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QEMU memory hotplug
This document explains how to use the memory hotplug feature in QEMU,
which is present since v2.1.0.
Guest support is required for memory hotplug to work.
Basic RAM hotplug
In order to be able to hotplug memory, QEMU has to be told how many
hotpluggable memory slots to create and what is the maximum amount of
memory the guest can grow. This is done at startup time by means of
the -m command-line option, which has the following format:
-m [size=]megs[,slots=n,maxmem=size]
- "megs" is the startup RAM. It is the RAM the guest will boot with
- "slots" is the number of hotpluggable memory slots
- "maxmem" is the maximum RAM size the guest can have
For example, the following command-line:
qemu [...] 1G,slots=3,maxmem=4G
Creates a guest with 1GB of memory and three hotpluggable memory slots.
The hotpluggable memory slots are empty when the guest is booted, so all
memory the guest will see after boot is 1GB. The maximum memory the
guest can reach is 4GB. This means that three additional gigabytes can be
hotplugged by using any combination of the available memory slots.
Two monitor commands are used to hotplug memory:
- "object_add": creates a memory backend object
- "device_add": creates a front-end pc-dimm device and inserts it
into the first empty slot
For example, the following commands add another 1GB to the guest
discussed earlier:
(qemu) object_add memory-backend-ram,id=mem1,size=1G
(qemu) device_add pc-dimm,id=dimm1,memdev=mem1
Using the file backend
Besides basic RAM hotplug, QEMU also supports using files as a memory
backend. This is useful for using hugetlbfs in Linux, which provides
access to bigger page sizes.
For example, assuming that the host has 1GB hugepages available in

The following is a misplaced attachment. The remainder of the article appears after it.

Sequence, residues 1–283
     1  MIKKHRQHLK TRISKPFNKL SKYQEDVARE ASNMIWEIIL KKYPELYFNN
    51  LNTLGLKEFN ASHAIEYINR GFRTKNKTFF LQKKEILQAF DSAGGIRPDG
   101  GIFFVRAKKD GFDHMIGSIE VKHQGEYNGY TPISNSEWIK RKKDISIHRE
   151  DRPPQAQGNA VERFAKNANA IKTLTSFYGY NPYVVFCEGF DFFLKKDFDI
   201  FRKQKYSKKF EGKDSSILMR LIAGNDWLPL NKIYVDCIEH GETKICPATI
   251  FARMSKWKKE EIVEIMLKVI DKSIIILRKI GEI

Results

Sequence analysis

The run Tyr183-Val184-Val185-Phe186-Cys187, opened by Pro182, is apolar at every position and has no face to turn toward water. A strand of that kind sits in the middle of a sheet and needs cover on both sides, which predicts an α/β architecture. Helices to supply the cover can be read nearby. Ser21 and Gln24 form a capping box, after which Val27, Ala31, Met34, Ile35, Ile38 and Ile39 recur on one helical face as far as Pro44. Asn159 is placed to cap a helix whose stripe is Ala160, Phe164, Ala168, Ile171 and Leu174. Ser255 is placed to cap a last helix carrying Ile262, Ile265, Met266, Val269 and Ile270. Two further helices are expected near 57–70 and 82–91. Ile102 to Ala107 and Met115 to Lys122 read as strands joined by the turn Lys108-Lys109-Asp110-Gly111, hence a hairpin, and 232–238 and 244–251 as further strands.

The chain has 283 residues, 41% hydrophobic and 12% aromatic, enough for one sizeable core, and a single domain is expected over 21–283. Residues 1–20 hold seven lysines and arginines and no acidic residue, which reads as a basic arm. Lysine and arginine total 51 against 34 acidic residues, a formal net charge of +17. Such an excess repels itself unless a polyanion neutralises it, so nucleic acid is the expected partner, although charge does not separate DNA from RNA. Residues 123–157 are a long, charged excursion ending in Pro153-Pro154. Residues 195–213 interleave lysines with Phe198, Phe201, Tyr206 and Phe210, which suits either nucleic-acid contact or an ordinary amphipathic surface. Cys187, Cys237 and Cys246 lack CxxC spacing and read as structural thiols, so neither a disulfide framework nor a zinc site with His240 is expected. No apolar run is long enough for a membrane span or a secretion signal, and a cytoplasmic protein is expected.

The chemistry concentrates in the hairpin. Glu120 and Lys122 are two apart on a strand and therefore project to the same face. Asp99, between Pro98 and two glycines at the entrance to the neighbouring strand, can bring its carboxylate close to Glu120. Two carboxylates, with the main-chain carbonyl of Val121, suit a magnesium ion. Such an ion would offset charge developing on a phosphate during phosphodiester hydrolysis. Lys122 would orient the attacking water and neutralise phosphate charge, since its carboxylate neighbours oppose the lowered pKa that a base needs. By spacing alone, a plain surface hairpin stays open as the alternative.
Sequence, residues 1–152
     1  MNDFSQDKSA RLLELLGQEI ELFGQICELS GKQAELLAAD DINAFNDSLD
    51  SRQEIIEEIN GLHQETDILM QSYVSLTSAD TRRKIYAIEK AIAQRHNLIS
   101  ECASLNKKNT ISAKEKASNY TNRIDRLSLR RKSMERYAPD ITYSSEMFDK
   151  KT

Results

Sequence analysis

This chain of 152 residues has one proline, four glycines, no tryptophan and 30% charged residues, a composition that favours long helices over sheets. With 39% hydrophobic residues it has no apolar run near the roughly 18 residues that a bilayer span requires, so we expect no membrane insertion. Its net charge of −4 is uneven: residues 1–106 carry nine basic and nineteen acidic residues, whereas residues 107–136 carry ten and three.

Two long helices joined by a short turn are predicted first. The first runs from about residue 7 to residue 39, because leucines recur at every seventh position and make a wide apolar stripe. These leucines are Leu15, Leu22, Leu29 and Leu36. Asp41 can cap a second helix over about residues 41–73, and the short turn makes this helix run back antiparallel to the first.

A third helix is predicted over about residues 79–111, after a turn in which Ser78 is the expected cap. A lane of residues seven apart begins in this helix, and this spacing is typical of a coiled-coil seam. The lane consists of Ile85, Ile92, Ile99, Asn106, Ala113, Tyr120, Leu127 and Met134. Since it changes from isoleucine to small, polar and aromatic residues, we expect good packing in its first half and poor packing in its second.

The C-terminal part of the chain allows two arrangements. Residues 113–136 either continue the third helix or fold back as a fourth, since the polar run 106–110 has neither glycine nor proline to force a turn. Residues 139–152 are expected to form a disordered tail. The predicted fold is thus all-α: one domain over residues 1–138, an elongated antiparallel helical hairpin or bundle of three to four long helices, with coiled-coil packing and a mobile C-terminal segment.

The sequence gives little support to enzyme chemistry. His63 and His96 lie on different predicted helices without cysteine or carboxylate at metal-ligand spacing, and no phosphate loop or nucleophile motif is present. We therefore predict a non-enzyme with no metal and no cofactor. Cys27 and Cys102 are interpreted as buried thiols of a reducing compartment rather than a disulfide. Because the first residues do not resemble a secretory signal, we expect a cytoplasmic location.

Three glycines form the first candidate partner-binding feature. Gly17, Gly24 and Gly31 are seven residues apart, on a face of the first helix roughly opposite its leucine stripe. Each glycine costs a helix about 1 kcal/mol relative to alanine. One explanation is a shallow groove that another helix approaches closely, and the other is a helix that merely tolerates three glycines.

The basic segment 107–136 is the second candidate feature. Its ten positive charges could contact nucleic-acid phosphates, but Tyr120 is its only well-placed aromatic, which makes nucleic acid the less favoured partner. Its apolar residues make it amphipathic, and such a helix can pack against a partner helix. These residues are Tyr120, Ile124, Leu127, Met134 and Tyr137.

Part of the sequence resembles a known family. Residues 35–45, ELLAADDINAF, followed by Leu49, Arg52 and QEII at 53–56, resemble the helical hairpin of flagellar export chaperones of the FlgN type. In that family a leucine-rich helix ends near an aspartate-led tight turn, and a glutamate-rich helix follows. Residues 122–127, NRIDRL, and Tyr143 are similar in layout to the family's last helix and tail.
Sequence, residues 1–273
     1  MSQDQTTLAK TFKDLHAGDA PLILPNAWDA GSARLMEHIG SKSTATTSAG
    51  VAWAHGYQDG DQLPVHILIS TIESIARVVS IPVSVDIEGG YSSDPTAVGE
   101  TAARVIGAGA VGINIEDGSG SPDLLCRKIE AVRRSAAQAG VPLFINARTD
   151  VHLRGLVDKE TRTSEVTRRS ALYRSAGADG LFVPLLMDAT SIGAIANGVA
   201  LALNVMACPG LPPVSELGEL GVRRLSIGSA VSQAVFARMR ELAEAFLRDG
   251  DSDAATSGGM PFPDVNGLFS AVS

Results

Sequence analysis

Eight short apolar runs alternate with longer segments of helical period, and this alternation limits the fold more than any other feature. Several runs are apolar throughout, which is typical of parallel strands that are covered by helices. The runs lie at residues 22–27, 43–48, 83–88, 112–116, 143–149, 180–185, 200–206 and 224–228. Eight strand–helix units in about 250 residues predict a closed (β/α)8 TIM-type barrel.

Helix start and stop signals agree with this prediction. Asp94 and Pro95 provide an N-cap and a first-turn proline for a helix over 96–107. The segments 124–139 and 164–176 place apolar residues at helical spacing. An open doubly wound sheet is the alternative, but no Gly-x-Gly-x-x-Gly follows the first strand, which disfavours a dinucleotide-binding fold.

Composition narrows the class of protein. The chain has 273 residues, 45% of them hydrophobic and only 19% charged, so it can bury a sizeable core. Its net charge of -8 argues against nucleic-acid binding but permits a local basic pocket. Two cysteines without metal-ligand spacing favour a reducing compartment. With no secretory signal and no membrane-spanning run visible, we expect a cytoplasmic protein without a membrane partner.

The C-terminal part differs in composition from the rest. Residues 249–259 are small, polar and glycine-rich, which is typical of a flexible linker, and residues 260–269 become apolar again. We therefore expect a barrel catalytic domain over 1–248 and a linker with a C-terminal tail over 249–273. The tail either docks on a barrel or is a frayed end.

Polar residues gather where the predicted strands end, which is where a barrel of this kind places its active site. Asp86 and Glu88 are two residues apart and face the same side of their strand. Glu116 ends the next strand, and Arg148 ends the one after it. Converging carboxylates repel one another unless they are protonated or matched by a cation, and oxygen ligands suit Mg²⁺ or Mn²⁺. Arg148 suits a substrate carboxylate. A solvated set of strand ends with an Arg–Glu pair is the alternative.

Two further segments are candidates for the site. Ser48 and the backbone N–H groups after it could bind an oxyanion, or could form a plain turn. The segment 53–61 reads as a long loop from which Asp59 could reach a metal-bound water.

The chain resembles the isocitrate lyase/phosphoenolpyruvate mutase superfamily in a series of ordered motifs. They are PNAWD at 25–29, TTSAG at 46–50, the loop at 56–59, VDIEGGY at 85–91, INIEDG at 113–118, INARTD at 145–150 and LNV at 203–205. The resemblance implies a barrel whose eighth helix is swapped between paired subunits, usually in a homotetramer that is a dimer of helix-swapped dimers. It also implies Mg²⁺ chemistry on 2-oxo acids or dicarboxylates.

the /mnt/hugepages-1GB directory, a 1GB hugepage could be hotplugged
into the guest from the previous section with the following commands:
(qemu) object_add memory-backend-file,id=mem1,size=1G,mem-path=/mnt/hugepages-1GB
(qemu) device_add pc-dimm,id=dimm1,memdev=mem1
It's also possible to start a guest with memory cold-plugged into the
hotpluggable memory slots. This might seem counterintuitive at first,
but this allows for a lot of flexibility when using the file backend.
In the following command-line example, a 8GB guest is created where 6GB
comes from regular RAM, 1GB is a 1GB hugepage page and 256MB is from
2MB pages. Also, the guest has additional memory slots to hotplug more
2GB if needed:
qemu [...] -m 6GB,slots=4,maxmem=10G \
-object memory-backend-file,id=mem1,size=1G,mem-path=/mnt/hugepages-1G \
-device pc-dimm,id=dimm1,memdev=mem1 \
-object memory-backend-file,id=mem2,size=256M,mem-path=/mnt/hugepages-2MB \
-device pc-dimm,id=dimm2,memdev=mem2
RAM hot-unplug
In order to be able to hot unplug pc-dimm device, QEMU has to be told the ids
of pc-dimm device and memory backend object. The ids were assigned when you hot
plugged memory.
Two monitor commands are used to hot unplug memory:
- "device_del": deletes a front-end pc-dimm device
- "object_del": deletes a memory backend object
For example, assuming that the pc-dimm device with id "dimm1" exists, and its memory
backend is "mem1", the following commands tries to remove it.
(qemu) device_del dimm1
(qemu) object_del mem1